Dame Cath said it was a ‘‘mar­vel­lous and mem­o­rable’’ plea­sure to host him at Gov­ern­ment House.

‘‘It’s very hard to de­scribe, but the man just car­ried such mana,’’ she said.

‘‘Peo­ple al­most treated him with rev­er­ence. He was a very hand­some, pleas­ant man to deal with.’’

‘‘When I went out and met him at the air­port, we were in­tro­duced and he asked, how shall I ad­dress you? I said, for­mally as Your Ex­cel­lency, but my name is Cath- er­ine. He put his arm around my shoul­der and from there he called me Catty.’’

‘‘We feel truly wel­come,’’ he told about 3000 peo­ple at Tu­ran­gawae­wae Marae in Ngaru­awahia. His visit there was the high­light of his trip.

‘‘ We feel truly wel­come and among our own brothers and sis­ters,’’ he said.

To be a guest of Maori was a great hon­our.

‘‘As a peo­ple who have known de­pri­va­tion, we do ap­pre­ci­ate your ef­forts to redeem a past of dis­pos­ses­sion and so­cial dis­lo­ca­tion that colo­nial­ism has wrought on your com­mu­nity.’’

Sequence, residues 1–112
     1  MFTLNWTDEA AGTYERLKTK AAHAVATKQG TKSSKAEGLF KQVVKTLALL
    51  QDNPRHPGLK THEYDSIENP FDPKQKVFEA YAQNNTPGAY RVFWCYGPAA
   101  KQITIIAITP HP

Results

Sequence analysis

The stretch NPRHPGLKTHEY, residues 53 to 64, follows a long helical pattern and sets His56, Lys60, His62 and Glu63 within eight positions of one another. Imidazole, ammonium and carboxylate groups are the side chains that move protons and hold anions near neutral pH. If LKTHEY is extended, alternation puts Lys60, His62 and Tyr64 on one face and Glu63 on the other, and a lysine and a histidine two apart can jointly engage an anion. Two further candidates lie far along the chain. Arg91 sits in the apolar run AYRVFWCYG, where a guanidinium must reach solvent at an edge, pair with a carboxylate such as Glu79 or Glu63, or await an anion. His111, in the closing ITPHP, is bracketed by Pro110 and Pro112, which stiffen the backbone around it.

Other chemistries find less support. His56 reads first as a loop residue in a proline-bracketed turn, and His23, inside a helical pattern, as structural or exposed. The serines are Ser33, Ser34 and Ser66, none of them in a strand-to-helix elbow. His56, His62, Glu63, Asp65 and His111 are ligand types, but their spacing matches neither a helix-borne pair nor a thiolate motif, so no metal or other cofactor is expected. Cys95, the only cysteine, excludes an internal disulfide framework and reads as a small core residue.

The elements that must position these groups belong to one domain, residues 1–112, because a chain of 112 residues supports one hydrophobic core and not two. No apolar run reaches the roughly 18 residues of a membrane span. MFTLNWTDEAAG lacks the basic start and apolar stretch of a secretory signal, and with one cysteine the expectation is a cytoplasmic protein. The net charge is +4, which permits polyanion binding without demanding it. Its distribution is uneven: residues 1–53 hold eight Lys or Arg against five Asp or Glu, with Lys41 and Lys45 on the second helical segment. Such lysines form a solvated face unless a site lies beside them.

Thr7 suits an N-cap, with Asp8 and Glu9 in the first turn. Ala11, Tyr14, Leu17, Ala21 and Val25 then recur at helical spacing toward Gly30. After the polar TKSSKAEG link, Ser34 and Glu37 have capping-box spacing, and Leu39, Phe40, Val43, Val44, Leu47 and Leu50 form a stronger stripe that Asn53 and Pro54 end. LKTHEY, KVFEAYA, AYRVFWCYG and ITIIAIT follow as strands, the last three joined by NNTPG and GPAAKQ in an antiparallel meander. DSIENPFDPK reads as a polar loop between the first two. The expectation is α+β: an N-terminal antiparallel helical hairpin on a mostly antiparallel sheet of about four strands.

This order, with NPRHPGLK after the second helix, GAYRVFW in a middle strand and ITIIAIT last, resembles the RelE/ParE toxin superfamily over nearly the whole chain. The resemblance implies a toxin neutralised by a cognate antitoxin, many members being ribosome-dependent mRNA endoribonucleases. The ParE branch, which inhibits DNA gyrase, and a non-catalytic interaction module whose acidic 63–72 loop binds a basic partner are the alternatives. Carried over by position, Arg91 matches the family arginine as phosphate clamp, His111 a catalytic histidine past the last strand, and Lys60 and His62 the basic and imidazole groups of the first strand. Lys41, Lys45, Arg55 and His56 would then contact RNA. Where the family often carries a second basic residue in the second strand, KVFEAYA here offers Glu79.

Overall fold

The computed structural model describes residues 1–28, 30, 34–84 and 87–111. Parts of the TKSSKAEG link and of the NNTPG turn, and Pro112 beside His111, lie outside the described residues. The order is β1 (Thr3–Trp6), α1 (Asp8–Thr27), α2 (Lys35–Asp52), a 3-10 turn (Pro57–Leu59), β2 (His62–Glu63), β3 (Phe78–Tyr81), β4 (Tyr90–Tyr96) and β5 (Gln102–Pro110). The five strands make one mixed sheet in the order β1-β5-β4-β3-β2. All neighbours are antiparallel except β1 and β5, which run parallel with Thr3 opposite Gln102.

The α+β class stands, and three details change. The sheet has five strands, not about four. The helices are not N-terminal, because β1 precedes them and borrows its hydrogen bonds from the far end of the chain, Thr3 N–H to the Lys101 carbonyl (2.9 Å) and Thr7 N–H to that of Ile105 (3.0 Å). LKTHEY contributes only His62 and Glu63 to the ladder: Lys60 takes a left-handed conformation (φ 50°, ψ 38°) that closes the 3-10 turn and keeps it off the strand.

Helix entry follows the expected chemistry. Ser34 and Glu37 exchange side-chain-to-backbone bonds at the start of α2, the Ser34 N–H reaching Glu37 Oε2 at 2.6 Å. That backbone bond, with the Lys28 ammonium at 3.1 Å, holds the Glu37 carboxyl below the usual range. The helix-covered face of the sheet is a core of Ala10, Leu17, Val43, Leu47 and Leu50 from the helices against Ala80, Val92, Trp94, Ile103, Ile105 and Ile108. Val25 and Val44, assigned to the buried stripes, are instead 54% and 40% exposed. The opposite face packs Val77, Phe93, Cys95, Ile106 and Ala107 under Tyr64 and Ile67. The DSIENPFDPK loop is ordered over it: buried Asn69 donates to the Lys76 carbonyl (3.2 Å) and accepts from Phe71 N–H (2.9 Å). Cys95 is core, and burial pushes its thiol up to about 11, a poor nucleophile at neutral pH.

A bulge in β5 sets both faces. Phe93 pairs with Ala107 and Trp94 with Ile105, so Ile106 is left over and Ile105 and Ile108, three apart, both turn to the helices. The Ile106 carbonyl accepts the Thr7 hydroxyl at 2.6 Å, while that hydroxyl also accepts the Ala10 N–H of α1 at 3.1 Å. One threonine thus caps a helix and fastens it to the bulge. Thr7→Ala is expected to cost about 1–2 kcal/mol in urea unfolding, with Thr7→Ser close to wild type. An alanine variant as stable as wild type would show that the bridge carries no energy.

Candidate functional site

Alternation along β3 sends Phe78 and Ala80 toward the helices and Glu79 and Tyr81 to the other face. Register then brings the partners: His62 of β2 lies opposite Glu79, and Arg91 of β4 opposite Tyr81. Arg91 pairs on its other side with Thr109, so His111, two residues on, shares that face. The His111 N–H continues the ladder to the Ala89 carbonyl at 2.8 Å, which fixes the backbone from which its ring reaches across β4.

His ar­rival at the marae was greeted by hun­dreds of chil­dren from lo­cal schools and ko­hanga reo lin­ing the road out­side. Many clutched palm leaves to wave at the mo­tor­cade.

In­side the marae he was treated to a tra­di­tional Maori wel­come. Ob­vi­ously moved by the event, Man­dela nod­ded in un­der­stand­ing as Western Maori MP Koro Wetere ex­plained the pro­ce­dure, NZPA re­ported.

The of­fi­cial party, which in­cluded Man­dela’s daugh­ter, Ze­nani Man­dela Dlamini, po­lice, and South African news me­dia, were met on the meet­ing house veranda by Tuwhare­toa para­mount chief Sir Hepi Te Heuheu.